Walsh, D. M.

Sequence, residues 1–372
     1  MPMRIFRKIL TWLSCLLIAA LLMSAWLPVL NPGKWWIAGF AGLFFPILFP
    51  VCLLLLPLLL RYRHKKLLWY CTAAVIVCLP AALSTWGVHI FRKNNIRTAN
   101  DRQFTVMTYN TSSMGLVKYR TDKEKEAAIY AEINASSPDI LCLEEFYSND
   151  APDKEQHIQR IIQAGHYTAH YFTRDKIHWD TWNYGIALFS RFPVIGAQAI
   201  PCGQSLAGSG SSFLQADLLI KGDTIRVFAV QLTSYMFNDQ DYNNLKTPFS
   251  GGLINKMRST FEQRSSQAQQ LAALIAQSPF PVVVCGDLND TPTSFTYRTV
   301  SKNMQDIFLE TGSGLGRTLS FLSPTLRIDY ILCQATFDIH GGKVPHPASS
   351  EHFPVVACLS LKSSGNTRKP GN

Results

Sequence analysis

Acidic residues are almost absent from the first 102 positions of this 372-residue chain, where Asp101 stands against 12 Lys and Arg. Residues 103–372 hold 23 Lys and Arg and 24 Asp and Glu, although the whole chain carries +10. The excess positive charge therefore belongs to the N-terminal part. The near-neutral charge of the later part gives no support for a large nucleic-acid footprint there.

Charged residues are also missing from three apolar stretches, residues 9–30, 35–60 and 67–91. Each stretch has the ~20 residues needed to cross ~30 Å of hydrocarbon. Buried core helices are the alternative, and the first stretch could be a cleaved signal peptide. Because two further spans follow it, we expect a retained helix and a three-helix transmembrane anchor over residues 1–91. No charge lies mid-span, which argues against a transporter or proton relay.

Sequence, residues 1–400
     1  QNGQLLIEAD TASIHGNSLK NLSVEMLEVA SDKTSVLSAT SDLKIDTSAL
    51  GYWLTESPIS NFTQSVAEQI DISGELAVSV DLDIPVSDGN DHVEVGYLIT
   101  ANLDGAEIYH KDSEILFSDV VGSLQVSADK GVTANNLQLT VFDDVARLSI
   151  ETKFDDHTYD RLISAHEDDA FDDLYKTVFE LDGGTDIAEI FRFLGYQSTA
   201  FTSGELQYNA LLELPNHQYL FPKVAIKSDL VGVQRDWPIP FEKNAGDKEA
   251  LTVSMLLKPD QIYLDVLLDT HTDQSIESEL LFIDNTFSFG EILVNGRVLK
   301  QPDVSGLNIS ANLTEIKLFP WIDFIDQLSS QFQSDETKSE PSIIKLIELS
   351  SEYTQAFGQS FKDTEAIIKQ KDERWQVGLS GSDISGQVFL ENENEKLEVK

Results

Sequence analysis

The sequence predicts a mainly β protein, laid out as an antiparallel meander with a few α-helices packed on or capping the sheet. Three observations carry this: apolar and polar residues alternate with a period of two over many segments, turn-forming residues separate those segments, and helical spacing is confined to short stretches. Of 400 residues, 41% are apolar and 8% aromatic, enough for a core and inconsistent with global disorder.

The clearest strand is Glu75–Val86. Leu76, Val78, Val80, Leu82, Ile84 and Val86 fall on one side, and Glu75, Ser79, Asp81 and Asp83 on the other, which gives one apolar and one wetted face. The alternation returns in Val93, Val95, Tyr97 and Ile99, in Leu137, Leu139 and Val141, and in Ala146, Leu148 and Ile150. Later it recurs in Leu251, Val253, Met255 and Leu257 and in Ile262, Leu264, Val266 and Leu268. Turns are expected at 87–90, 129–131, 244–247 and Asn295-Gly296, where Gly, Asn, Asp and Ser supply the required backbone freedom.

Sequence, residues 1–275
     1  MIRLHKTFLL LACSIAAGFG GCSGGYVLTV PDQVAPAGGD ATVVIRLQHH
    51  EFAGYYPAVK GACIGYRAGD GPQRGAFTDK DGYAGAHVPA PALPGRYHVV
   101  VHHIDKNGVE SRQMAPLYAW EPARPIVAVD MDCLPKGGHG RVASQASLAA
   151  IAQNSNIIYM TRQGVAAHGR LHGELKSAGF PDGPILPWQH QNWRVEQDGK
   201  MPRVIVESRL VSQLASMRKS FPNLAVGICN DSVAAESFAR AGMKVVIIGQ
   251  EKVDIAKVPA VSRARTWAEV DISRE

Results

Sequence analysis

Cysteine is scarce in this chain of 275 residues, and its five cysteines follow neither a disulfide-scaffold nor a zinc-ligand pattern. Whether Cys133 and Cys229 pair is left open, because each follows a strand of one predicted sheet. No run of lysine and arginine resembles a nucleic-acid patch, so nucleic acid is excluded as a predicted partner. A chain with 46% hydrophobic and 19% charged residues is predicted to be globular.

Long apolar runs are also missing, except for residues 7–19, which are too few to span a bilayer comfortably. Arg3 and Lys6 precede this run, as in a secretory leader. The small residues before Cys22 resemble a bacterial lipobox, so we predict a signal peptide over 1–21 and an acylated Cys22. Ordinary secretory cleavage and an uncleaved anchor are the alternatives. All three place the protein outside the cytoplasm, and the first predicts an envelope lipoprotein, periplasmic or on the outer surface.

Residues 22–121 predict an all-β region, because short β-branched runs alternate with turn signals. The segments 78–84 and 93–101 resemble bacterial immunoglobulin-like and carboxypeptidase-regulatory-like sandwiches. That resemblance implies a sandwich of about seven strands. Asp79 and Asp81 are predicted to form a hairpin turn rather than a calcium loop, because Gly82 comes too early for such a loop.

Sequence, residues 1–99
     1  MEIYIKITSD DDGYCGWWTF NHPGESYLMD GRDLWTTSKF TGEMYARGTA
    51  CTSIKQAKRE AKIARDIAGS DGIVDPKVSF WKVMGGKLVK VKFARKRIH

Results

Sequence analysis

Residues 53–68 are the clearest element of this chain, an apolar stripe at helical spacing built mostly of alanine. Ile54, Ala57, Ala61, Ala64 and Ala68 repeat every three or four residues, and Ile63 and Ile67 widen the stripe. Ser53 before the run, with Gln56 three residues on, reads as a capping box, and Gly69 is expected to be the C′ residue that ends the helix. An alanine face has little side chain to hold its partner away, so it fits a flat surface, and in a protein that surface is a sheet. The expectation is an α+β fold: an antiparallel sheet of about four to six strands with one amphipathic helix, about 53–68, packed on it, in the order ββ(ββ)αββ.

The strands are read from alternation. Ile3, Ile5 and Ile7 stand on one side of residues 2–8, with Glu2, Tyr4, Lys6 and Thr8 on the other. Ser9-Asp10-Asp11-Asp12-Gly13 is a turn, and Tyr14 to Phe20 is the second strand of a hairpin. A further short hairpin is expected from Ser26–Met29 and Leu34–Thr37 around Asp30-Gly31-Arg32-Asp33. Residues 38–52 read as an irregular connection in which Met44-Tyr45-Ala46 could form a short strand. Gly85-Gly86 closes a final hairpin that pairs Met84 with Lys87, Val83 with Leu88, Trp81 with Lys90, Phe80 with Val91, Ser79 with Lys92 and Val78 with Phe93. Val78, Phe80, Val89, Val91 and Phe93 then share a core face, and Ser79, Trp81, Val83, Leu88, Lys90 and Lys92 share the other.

Organisms are like nothing else in the natural world. They are agents. Methodological vitalism is a view according to which the difference that organisms make to the natural world cannot be captured wholly if we treat them as mere objects. Understanding agency calls for a different kind of theory, an agent theory. Most of our scientific theories are object theories. The modern synthesis theory of evolution is a prominent example of object theory. Being the way it is, it cannot countenance the contribution to evolution that organisms make as agents. A comprehensive account of adaptive evolution requires an agent theory.